My Dear Rob,
Today we say good-bye formally. We lay you to rest. And as I told Devon there will be time enough to mourn your death, but today I would like to celebrate your life and perhaps in celebrating lighten, even temporarily, the terrible weight your passing has brought. During the last few days, people I have known for a long time, others I only recently have met, and some I have never met have reached out to share their favorite "Rob stories." In each story I see the man you are: the caring and 'out of the box' teacher, the comforting and loyal friend, the intellect, the humorist, the artist, the best friend, the compassionate giver, the trickster, and more. How diverse and loving you are.
Your friend Charles from L.A. texted me yesterday to share how the first person he reached out to after the sudden death of his older brother was you. He wrote that "you seemed to arrive within seconds of hanging up the phone." You were each just 21 years old.
Two days ago after we failed to bring the clothes you needed to be dressed in for the funeral, my brother Brendan said he would take them on Thursday. He left the house forgetting a second time and when he returned to our home again he said to me, "You know Rob's in heaven looking down at us and laughing."
And I suspect he is right. Humor resonates for you.
A parent of a student you taught sent me a list of Facebook tributes from parents of students you taught. One wrote upon hearing the news of your passing that she was "heartsick. He lit both of my daughters up so much with an inner fire." On the GoFundMe site, a parent wrote, "Rob shared with me his sensitive soul after the loss of my son." Another sent a message directly to Devon, writing, "Devon, we want you to know your father touched our students with his humor and love of teaching. Your father was a great mentor to our teaching staff and his legacy will never be forgotten." I can remember being outside of a school where we worked in Newark when a group of middle school boys yelled down the street, "Hey, Mr. Cohen" and came running up to high five you. "You're the best."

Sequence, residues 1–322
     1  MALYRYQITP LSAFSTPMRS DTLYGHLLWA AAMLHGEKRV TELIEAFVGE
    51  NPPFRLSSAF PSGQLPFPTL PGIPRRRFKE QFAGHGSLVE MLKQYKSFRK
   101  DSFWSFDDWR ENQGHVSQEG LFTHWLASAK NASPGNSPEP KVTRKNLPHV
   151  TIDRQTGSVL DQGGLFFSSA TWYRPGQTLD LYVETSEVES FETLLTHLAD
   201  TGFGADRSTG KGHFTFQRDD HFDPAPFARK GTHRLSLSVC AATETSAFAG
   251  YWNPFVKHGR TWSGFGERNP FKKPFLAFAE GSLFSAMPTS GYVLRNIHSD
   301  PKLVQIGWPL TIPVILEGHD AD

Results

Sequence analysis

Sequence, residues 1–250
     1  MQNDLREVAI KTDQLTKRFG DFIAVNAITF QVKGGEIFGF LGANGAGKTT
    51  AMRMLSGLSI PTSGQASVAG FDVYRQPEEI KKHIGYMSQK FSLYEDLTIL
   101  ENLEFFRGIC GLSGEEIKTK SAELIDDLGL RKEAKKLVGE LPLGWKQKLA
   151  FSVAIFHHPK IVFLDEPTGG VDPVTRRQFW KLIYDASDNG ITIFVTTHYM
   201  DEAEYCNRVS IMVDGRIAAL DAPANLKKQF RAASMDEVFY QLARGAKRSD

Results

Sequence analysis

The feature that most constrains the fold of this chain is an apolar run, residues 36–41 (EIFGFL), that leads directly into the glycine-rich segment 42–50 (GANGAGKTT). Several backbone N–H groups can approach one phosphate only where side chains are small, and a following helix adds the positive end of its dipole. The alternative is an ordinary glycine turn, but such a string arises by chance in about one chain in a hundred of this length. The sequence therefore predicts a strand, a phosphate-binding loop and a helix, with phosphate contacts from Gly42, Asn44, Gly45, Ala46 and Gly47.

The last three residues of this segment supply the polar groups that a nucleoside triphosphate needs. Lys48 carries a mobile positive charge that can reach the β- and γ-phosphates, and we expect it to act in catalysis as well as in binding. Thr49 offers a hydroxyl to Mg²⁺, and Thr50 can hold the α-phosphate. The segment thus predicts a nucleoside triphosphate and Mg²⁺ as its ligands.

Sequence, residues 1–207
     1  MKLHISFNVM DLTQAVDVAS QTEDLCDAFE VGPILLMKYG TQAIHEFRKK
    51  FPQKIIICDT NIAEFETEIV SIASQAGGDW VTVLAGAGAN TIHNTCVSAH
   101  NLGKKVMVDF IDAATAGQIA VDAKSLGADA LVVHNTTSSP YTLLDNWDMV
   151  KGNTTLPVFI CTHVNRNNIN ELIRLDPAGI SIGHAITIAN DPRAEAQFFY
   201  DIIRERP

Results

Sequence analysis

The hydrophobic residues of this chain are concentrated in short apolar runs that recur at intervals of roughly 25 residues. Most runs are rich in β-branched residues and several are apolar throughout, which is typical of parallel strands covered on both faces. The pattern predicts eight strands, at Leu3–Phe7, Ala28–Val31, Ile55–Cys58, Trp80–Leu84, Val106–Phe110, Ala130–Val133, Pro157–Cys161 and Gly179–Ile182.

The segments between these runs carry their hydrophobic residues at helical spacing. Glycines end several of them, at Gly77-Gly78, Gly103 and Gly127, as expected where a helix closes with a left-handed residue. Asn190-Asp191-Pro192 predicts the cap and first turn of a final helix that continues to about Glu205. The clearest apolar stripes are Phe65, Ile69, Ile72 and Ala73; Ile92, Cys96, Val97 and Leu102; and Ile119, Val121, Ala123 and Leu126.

And you are.
Rob, emails, letters, and texts have arrived from your former students too as they have learned of your passing. These enumerate the many ways you have touched their lives--not simply when you were their teacher, but perhaps more importantly how that influence continues to inform their lives as adults. So many write that what they learned with you has held them in good stead throughout their academic careers. Even Devon's teachers have communicated their feelings about you. One writes,
"Although I only met Rob a few times, I felt a kinship and common understanding of the beauty, absurdity and complexity of life. I would have liked to know him even better than I did and for those of us who believe so, I will.Your light, your very caring self that never stood on any ceremonies connected with others so well, so immediately.
I also recall the more private person, the father and the husband. This morning I am remembering the man who so carefully drove through an ice storm to get our son to the hospital. The father who sat holding Devon in the steam-filled bathroom at 3 a.m. to calm his croup. The dad who fiercely loves our son not for what he accomplishes, but simply because to not deeply love him would be an anathema.
This morning I am remembering the man who an hour after hearing his cancer was no longer treatable, that he would die--turned to me after I said, "I can't imagine a future without you," and told me to "Live brilliantly. Don't you dare hide yourself. Don't you do that. Live brilliantly. You and Devon need to live brilliantly."
This morning I am remembering the poet--the man who wrote me love poems, who so carefully edited my writing, who championed my every new effort, who believed I could make art when I was so filled with doubt. The man who held me when my mom died and the world was wobbly and so out of focus, the man who talked hours with me about big ideas and who sat in comfortable silence with me when talking was no longer needed. The man who a few days before he would die caught my hand and with great difficulty said, " I don't know if you can know how much I love you. Be the best mom for Devon. Protect and love him." Such clarity amid the ramblings as you edged towards death and I so needed to hear those words.
The poet, Rumi wrote, "Lovers don't finally meet somewhere/They're in each other all along" (p.106). You are in me Rob, forever. I will live brilliantly. I will fiercely love our son, protect him, champion him and get out of his way so he can soar as we both know he will.
I love you my dear friend, my lover, and my husband. Your love humbles me.